Parental functioning and pediatric sleep disturbance: An examination of factors associated with parenting stress in children clinically referred for evaluation of insomnia

Kelly C. Byars, Gloria Yeomans-Maldonado, Jennie G. Noll

Research output: Contribution to journalArticle

43 Scopus citations


Background: Parenting stress is an aspect of parent functioning relevant in clinical settings. Within the context of behavioral sleep medicine, the role of parenting stress is not well understood. Methods: Prospective evaluation of patients 1.5-10 years old with insomnia. Subjects were 156 primary caregiver-child pairs who completed the Parenting Stress Index-Short Form (PSI-SF), Child Sleep Habits Questionnaire (CSHQ) and Child Behavior Checklist (CBCL). Aims: (1) determine prevalence of clinically significant parenting stress in primary caregivers of children clinically referred for insomnia; (2) identify childhood sleep problems that play a role in parenting stress; (3) identify relevant correlates of parenting stress within the context of a behavioral sleep medicine clinic; and (4) identify the most salient child sleep and behavioral variables associated with parenting stress. Results: Forty-seven percent of primary caregivers had clinically significant parenting stress. When examining the relationship between child sleep problems and parenting stress, bedtime resistance (p= 0.030) and daytime sleepiness (p= 0.0003) stood alone as having the most salient associations with parenting stress. When considering a broader range of covariates (child age and child gender) and clinically relevant variables (parent history of sleep problems, parent history of psychiatric conditions, child behavior problems and child sleep problems) in a single regression equation, both child externalizing behavior problems (β= 0.570, p<. 0.0001) and child daytime sleepiness (β= 0.152, p= 0.028) independently explained significant variability in parenting stress. Conclusions: Many primary caregivers of children clinically-referred for insomnia evaluation and treatment have significant parenting stress. Parenting stress is associated with daytime behavioral problems and sleepiness in children with insomnia. Clinicians working with pediatric insomnia patients should carefully evaluate parenting stress and child daytime behavior as these aspects of functioning may have an impact on service delivery and treatment outcomes.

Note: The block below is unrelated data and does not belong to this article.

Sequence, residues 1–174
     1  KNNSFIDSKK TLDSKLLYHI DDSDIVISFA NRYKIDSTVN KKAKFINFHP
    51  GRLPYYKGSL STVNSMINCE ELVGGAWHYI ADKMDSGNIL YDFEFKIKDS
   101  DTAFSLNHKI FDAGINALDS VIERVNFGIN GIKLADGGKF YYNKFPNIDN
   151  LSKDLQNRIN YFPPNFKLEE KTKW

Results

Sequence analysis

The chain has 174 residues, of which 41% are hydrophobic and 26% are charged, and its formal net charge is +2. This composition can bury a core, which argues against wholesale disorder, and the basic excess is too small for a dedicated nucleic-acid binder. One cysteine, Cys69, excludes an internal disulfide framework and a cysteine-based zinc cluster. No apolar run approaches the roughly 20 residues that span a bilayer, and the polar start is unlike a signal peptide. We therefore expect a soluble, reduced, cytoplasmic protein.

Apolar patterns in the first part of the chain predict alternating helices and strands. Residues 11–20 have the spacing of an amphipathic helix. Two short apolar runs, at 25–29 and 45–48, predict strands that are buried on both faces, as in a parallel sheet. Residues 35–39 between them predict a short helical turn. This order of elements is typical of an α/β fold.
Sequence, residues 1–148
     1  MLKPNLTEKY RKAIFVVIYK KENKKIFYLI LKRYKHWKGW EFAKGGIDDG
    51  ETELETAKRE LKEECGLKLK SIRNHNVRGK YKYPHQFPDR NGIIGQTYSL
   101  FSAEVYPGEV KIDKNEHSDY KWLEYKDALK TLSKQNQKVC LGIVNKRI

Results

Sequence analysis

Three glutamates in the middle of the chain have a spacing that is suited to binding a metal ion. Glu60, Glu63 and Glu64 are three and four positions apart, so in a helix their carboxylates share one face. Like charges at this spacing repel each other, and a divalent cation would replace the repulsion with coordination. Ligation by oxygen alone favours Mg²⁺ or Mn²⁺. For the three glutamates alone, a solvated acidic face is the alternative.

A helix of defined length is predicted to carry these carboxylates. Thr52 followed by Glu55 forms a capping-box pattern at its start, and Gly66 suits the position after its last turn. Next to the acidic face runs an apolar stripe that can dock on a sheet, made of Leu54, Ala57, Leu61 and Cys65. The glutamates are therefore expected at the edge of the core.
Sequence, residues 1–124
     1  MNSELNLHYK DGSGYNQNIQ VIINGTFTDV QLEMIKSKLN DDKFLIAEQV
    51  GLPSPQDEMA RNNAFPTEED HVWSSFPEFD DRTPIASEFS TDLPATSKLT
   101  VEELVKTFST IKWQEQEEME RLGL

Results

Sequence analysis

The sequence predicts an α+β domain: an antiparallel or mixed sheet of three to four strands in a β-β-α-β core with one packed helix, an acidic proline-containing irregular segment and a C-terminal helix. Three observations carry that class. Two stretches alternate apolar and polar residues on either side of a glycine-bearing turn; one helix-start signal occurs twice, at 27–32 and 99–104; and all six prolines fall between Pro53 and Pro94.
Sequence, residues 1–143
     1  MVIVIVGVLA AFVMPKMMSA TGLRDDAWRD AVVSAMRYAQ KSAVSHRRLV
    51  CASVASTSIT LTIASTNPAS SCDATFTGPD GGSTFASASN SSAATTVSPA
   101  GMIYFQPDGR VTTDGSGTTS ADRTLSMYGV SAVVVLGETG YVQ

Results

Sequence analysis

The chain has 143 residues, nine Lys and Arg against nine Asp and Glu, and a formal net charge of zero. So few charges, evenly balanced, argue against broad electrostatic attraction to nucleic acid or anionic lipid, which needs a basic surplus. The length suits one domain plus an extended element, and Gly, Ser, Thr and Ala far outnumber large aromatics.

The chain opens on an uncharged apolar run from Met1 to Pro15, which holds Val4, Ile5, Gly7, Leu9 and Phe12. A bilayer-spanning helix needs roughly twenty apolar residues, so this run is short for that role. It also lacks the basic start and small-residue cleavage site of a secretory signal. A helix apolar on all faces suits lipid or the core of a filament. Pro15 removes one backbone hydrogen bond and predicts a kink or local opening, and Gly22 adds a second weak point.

Original languageEnglish (US)
Pages (from-to)898-905
Number of pages8
JournalSleep Medicine
Issue number9
StatePublished - Oct 1 2011


All Science Journal Classification (ASJC) codes

  • Medicine(all)

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